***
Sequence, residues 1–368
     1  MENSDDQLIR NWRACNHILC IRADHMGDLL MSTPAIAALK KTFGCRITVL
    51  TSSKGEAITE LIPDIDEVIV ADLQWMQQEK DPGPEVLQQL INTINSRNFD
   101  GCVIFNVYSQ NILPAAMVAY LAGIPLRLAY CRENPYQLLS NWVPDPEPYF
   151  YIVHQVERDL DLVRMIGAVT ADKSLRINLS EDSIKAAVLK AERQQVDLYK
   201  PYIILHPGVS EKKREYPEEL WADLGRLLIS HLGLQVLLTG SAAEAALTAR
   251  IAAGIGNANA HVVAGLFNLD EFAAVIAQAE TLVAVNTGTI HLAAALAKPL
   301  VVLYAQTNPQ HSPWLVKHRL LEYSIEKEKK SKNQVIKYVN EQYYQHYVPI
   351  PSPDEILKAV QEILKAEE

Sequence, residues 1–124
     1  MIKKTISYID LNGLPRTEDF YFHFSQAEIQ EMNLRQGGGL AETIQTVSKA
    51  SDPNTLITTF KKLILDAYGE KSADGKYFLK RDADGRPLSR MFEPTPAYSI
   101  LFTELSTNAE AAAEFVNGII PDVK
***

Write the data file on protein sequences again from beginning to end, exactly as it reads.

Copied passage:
Sequence, residues 1–368
     1  MENSDDQLIR NWRACNHILC IRADHMGDLL MSTPAIAALK KTFGCRITVL
    51  TSSKGEAITE LIPDIDEVIV ADLQWMQQEK DPGPEVLQQL INTINSRNFD
   101  GCVIFNVYSQ NILPAAMVAY LAGIPLRLAY CRENPYQLLS NWVPDPEPYF
   151  YIVHQVERDL DLVRMIGAVT ADKSLRINLS EDSIKAAVLK AERQQVDLYK
   201  PYIILHPGVS EKKREYPEEL WADLGRLLIS HLGLQVLLTG SAAEAALTAR
   251  IAAGIGNANA HVVAGLFNLD EFAAVIAQAE TLVAVNTGTI HLAAALAKPL
   301  VVLYAQTNPQ HSPWLVKHRL LEYSIEKEKK SKNQVIKYVN EQYYQHYVPI
   351  PSPDEILKAV QEILKAEE

Sequence, residues 1–124
     1  MIKKTISYID LNGLPRTEDF YFHFSQAEIQ EMNLRQGGGL AETIQTVSKA
    51  SDPNTLITTF KKLILDAYGE KSADGKYFLK RDADGRPLSR MFEPTPAYSI
   101  LFTELSTNAE AAAEFVNGII PDVK